The Faith of Unbelief
Does believing in science require just as much faith as religion? Corey Widmer explores how it takes faith not only to believe in God, but also to not believe in Him.
Questions for Discussion and Personal Reflection
- How might science "make God irrelevant" in some people's eyes?
- What do you think about Vanauken's suggestion that it takes just as much faith to believe Jesus is God as it does to believe he's not God?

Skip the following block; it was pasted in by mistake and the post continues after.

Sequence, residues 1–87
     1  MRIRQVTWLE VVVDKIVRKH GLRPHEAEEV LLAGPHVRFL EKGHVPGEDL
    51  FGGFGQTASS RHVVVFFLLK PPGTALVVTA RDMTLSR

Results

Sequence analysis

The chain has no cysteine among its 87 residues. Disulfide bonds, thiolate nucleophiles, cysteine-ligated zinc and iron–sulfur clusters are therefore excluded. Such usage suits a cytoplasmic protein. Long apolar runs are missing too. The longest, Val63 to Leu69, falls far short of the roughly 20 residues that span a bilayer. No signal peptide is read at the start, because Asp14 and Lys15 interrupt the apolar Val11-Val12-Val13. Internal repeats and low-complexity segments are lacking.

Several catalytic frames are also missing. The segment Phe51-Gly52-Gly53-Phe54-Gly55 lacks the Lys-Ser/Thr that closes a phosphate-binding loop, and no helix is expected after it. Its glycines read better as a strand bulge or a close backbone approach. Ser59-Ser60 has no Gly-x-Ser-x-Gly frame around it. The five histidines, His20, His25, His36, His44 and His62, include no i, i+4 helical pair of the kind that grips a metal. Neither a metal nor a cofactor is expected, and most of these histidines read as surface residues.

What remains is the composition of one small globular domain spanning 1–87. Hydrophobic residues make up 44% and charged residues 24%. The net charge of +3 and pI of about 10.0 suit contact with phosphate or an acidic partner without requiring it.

There's a lot of popular scientists and philosophers. There's Richard Dawkins, Sam Harris, others who have written really boldly, really strongly that, um, science has essentially not only disproved God, but made God irrelevant. They say there were centuries of, of human history where maybe God and religion was necessary to help explain the inexplicable things that we all face, um, in human life but now that we have science, now that science has basically proven the way that things exist, we don't need a idea of God anymore. I always feel like it's a little funny. It reminds me of what happened in 1961 when the Russians sent the first cosmonaut into space, and it was a very exciting moment for the whole world. First person, first human into space. And when he went into space, the mess- the message that he sent back to earth was, God is not here. He was essentially saying, "I have gone into space. I have gone to look for God, and because I do not see him, therefore God does not exist." And of course there's something really silly about that. I mean, the idea, the idea that we could observe God with human instrumentation, with the human eye is absurd and, and and if, if there is a God, if God is real, then I guess what I think is that God would be so big and so beyond us that you couldn't just observe him with like a telescope or in a lab. Uh, God would, God is not an object within the world. If anything, the world is within God, and there's no perspective within the world from which we can, can view God. When I was going through my own period of really severe doubt when I was studying philosophy in college, um, I read a book. It was called "A Severe Mercy" by a man named Sheldon Vanauken, and it was this story about, um, how, how he came to faith in Jesus. And he was an atheist. He was a very committed atheist, and he began to learn about Jesu,s and he began to struggle with this idea that Jesus could be God in the flesh. And he, and he told his parable— he calls it The Parable of the Cliff— and he said, "I imagined myself standing at this cliff and there was this huge gap in front of me, and it was a gap between me and God, and it was a gap that required me to have faith to believe that Jesus was God in the flesh." And he said, "I just did not feel that I had the faith to overcome that gap and get to the other side." But this is what he said. He said, "then I realized, I turned around, and there was a gap behind me as well. There was a gap before me, but by God, there was a gap behind me," and he realized, "I realized at that moment that it took just as much faith to believe that Jesus was God as it took to believe that he was not, and, and that, it's not as if it takes faith that, you know, it's "I'm a man of science, you're a man of faith." No, we're all people of faith. We all are basing our lives on basic presuppositions that cannot be proved. Yes, God cannot be proved, but he cannot be disproved either. And so I think when it comes to Jesus Christ, I think what, what ultimately kind of sent me over the gap was realizing, yeah, I needed to believe that this person, this man was God in the flesh, revealing the unobservable God to me. But I think what made me feel better about it, at least, was knowing that yes, it took faith to believe that but it took just as much faith to believe that he wasn't. And so when I got to the point of realizing that either way, I was going to be living by faith, um, that made it a little bit easier for me to, to step over the gap in front of me.